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How Social Media Accelerated Tunisia's Revolution: An Inside View

BY Colin Delany | Thursday, February 10 2011

Originally published on Epolitics.com Did Twitter and Facebook "cause" the Tunisian Revolution and the protests in Egypt? Not according to Malcolm Gladwell, as he and others have questioned the role of social media in ... Read More

In an Internet Age, All Politics is Local -- But All Fundraising is National

BY Colin Delany | Monday, September 27 2010

Originally published on Epolitics.com In Saturday's AMP Summit panel discussion on effective online campaigning, fellow online politics old-timer Chris Casey made a great observation: politics may still be local, but ... Read More

Behind the Tea Party Victories in Delaware & Alaska: A Big Fat Email List

BY Colin Delany | Wednesday, September 15 2010

Cross-posted from Epolitics.com Hell of a political year so far, eh? The Tea Party Express just ran over its second establishment Republican in the past few weeks, and since Delaware's victorious Christine O'Donnell ... Read More

Using Google Mobile Advertising to Catch Voters Waiting at the Polls

BY Colin Delany | Monday, August 30 2010

Cross-published from Epolitics.com Update: See also Kate Kaye's earlier coverage at ClickZ. Politico's Morning Tech column has highlighted a clever use of mobile advertising in last week's Florida primaries: As the ... Read More

The Online Political Advertising Trinity: Google, Facebook...and AOL?

BY Colin Delany | Wednesday, August 18 2010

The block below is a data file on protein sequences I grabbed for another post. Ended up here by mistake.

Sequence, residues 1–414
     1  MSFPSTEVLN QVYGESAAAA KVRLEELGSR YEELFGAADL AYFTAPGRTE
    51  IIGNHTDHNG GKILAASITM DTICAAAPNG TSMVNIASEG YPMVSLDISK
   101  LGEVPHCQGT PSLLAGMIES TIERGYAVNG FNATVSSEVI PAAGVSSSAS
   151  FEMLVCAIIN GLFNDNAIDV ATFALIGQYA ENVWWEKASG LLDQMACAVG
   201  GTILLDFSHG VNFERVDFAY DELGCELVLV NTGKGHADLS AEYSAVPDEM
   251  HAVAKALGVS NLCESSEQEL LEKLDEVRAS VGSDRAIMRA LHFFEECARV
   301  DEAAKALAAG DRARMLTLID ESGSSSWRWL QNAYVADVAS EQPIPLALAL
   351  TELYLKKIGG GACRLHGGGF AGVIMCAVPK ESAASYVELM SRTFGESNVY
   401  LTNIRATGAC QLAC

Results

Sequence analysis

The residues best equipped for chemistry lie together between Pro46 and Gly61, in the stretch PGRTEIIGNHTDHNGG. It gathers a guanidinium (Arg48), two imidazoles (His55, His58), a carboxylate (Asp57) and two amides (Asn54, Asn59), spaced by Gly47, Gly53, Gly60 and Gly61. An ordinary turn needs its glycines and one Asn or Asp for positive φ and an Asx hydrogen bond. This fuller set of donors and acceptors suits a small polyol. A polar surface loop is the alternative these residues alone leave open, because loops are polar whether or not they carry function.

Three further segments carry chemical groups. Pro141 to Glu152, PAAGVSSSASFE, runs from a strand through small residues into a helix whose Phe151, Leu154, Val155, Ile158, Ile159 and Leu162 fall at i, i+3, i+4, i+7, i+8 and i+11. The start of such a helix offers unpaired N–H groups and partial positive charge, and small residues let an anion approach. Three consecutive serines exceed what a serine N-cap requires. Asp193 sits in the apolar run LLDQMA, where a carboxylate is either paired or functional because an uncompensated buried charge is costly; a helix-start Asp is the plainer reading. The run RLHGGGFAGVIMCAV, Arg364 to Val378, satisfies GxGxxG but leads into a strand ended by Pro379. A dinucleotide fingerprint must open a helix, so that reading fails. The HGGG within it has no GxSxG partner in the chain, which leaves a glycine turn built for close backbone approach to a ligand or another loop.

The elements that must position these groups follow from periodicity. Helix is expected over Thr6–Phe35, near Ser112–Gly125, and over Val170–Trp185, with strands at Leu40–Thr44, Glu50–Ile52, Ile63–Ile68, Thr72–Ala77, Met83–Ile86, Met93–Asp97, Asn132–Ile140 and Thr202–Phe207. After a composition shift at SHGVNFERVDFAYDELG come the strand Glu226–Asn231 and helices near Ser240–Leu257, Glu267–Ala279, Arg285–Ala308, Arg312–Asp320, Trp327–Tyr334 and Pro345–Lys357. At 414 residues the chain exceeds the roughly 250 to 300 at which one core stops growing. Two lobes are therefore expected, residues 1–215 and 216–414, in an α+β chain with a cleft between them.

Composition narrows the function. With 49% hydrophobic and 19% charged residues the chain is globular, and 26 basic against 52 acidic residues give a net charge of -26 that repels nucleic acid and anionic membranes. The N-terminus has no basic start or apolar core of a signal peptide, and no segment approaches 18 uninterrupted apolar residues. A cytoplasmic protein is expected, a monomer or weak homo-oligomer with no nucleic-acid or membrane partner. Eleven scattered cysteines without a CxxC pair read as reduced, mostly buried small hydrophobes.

Cross-published from Epolitics.com Maybe not yet, but AOL would certainly like political professionals to start thinking that way -- with Google monopolizing search advertising and Facebook dominating the social space, ... Read More

The World is Neither Flat Nor Round (It's Lumpy -- and Fractal)

BY Colin Delany | Wednesday, June 16 2010

Cross-published from Epolitics.com Fun thought question from Michael Clements, moderator of yesterday's Digital Capital Week/Future of Media panel: if the world was once flat, then round, then flat again (at least, ... Read More

Is it Unethical for BP to Buy Google Ads on Oil Spill-Related Keywords?

BY Colin Delany | Wednesday, June 9 2010

Originally published on Epolitics.com Minor scuffle in the online communications world: BP has purchased Google Ads on search terms related to the Gulf oil spill (for example: "oil spill"), with its ads showing up at the ... Read More

The Fundamental Dishonesty of the Republican YouCut Budget Project

BY Colin Delany | Saturday, May 22 2010

Cross-published from Epolitics.com The fruits of Eric Cantor's new "YouCut" project made it to the House floor last week, with results entirely predictable: nothing passed, and it did so amid great partisan kerfluffle. ... Read More

What’s The Next Big Thing?

BY Colin Delany | Sunday, April 18 2010

Cross-posted from Epolitics.com On the eve of the Politics Online Conference, and after some time thinking about the broader political and media landscape over the last few days, let's ask a big question -- what's next? ... Read More

“Call Me Barbara” — Carly Fiorina’s Microsite Adventures Continue, Painfully

BY Colin Delany | Friday, February 19 2010

Cross-published from Epolitics.com Not content to have started the "Demon Sheep" meme that gave such joy to so many earlier in the month, California's Carly Fiorina decided to relaunch her "Call Me Barbara" microsite ... Read More

News Briefs

RSS Feed today >

Another Co-Opted Hashtag: #MustSeeIran

The Twitter hashtag #MustSeeIran was created to showcase Iran's architecture, landscapes, and would-be tourist destinations. It was then co-opted by activists to bring attention to human rights abuses and infringements. Now Twitter is home to two starkly different portraits of a country. GO